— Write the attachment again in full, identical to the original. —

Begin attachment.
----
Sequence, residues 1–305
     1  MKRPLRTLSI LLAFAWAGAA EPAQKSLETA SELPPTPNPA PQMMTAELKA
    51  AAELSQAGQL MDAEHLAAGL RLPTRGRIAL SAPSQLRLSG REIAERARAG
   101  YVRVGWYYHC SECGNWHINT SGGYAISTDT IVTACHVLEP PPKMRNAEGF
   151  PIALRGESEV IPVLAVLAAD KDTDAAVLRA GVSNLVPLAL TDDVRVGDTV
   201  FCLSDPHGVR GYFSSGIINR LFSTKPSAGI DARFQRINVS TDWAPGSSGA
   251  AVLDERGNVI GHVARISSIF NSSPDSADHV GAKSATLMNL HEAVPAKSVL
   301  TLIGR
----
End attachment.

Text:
Sequence, residues 1–305
     1  MKRPLRTLSI LLAFAWAGAA EPAQKSLETA SELPPTPNPA PQMMTAELKA
    51  AAELSQAGQL MDAEHLAAGL RLPTRGRIAL SAPSQLRLSG REIAERARAG
   101  YVRVGWYYHC SECGNWHINT SGGYAISTDT IVTACHVLEP PPKMRNAEGF
   151  PIALRGESEV IPVLAVLAAD KDTDAAVLRA GVSNLVPLAL TDDVRVGDTV
   201  FCLSDPHGVR GYFSSGIINR LFSTKPSAGI DARFQRINVS TDWAPGSSGA
   251  AVLDERGNVI GHVARISSIF NSSPDSADHV GAKSATLMNL HEAVPAKSVL
   301  TLIGR